"I believe in what I do for a living; I create value...While this company has had its ups and downs along the way, we have consistently delivered shareholder value over long periods of time and we will continue that in the years ahead...it's there today; you can't see it, but it is there, and it will be recognized over time." - Aubrey McClendon, 6/19/09, Annual Meeting [this one's my favorite] 

    If Chesapeake has created so much shareholder value, why do they have negative retained earnings?  Why is the entire book value of this company paid-in-capital?  All of those impairment charges add up...they weren't non-cash when you spent the money.  Why has Chesapeake's stock underperformed other large-cap E&P's by 40%, and larger shale-focused companies by 55% in the last 10 years?  It's actually the worst performing stock over the last 2, 6 and 12 years among its comp group.  Chesapeake trades at the same price today as it did when "Macarena" when the #1 Billboard song (Summer 1996).  Why has the debt-adjusted production and reserves per share declined over time?  This company has done nothing but destroy value, and I believe they will continue on this path indefinitely.

    2) Chesapeake is a chronic issuer of new capital, with little to show for it.  In this decade, Chesapeake has sold $10.4 billion in common and preferred stock and raised $12.3 billion in net debt.  The shares outstanding have increased over fourfold, from 150 million to 625 million.  Against this, Chesapeake has returned $600 million to shareholders via dividends and buybacks.  Net capital invested is $23.2 billion.  What has all that money bought?  How about a PV10 of $7.6 billion, $5-12 billion in unproved acreage, and $4 billion in other stuff.  Meanwhile, the company sports an enterprise value of $28.9 billion.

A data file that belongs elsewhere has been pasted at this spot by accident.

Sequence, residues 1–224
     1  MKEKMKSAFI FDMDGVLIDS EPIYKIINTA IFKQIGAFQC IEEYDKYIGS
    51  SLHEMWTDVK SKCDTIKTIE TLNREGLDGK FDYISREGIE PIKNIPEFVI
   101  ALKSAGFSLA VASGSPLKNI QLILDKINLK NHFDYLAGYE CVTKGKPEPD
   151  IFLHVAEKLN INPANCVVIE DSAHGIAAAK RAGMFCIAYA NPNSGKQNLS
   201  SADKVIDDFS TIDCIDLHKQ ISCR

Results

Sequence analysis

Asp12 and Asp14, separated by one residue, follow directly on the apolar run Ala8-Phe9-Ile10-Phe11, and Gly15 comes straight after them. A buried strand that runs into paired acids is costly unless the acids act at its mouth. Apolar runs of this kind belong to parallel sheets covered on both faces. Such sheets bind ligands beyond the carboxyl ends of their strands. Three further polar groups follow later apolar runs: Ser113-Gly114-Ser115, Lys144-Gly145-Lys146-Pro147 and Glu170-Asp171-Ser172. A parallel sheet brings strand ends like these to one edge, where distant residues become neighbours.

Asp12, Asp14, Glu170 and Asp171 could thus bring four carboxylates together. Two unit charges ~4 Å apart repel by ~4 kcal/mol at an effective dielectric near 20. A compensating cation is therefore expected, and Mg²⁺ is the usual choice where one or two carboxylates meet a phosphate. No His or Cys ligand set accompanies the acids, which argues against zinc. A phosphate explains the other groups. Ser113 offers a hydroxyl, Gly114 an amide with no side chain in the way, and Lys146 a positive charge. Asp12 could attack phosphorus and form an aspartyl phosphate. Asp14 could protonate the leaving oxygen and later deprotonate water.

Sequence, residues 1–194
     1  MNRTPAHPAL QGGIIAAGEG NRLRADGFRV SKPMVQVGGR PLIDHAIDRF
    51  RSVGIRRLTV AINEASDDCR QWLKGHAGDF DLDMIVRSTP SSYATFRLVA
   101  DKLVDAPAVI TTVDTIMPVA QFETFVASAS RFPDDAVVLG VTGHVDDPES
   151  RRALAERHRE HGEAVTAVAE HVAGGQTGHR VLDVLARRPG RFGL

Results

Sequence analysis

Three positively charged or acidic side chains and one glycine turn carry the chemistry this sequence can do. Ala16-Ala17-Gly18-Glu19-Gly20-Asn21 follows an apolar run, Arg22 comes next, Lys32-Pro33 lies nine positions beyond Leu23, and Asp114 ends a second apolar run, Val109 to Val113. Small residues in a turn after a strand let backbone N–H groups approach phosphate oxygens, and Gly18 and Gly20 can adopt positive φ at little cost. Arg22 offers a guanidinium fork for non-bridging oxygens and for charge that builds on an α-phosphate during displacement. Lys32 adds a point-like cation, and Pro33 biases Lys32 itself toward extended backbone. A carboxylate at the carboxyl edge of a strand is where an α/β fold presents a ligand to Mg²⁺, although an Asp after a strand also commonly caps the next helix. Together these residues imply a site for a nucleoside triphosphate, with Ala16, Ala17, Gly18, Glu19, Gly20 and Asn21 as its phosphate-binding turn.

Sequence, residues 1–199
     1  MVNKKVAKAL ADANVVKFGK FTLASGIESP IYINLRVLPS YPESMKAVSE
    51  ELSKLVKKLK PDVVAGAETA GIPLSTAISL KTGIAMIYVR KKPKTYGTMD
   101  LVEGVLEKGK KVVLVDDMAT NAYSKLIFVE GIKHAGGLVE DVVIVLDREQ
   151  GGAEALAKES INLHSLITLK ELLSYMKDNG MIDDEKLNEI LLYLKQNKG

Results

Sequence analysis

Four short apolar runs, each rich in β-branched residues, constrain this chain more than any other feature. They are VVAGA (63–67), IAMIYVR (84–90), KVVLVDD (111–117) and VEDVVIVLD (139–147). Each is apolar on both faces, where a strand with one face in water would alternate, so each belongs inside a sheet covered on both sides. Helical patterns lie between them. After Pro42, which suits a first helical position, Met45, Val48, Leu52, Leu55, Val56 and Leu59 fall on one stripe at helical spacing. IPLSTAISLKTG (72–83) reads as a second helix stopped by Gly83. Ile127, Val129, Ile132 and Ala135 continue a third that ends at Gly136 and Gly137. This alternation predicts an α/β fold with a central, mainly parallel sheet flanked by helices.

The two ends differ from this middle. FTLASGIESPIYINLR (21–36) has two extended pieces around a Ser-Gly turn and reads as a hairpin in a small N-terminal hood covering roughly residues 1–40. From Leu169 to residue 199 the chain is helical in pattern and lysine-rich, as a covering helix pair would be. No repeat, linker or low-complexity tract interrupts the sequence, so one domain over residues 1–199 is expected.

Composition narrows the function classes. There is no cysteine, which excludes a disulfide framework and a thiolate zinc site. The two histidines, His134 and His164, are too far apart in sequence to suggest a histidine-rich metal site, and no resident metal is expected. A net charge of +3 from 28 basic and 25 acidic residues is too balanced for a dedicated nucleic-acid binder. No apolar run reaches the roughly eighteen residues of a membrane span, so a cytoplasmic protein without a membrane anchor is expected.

Chesapeake had gone on a company/acreage acquisition binge throughout the early/mid 2000's, constantly outspending cash flow.  Shareholders were getting fed up with the capital raises even then, so around 2006-2007, after the $2.3 billion acquisition of Columbia Natural Resources, the story about the company changed.  Management repeatedly stated that the asset accumulation phase was over, and now was the time to harvest those best-in-class assets and finally watch the per share production/reserve/cash flow metrics take off.

    "Nothing else has to work for us. No acquisitions, no stealth plays. We just keep our heads down and keep drilling ahead on the acreage that we own...please recall that now we can deliver all of this value creation without adding debt or increasing our share count." - Aubrey McClendon, 2/15/08, Q4 2007 Conference Call

    Net increase in debt since that quote: $2 billion.  Net share count increase: 150 million, or 31.5%.  This management simply does not know how to run a business without continually diluting shareholders. 

    3) Aubrey McClendon is a terrible CEO and is single-handedly responsible for Chesapeake's poor performance.  He took Chesapeake to the brink of ruin in the late 1990's by levering up the company to go after the Austin Chalk, then getting killed when the Chalk wasn't that good and gas prices plummeted.  Last year he almost blew it up again by levering up to buy billions of new leases right before gas prices crashed.  And in an event that redefined schadenfreude, Aubrey almost became a household name in 2008 from getting the mother of all margin calls, losing $2 billion and single handedly tanking the stock of his company.  He has proven time and time again that he does not understand the concepts of value creation or risk management.  The third quarter conference call was particularly enlightening, it gives you a good flavor for what he's like.  Among the things he discussed: 

    He's notorious for being one of the most promotional CEO's in the industry.  I would encourage people to read his opening remarks from the last couple years' conference calls, it's nothing but pure bewilderment over the "value creation" that goes on at the company.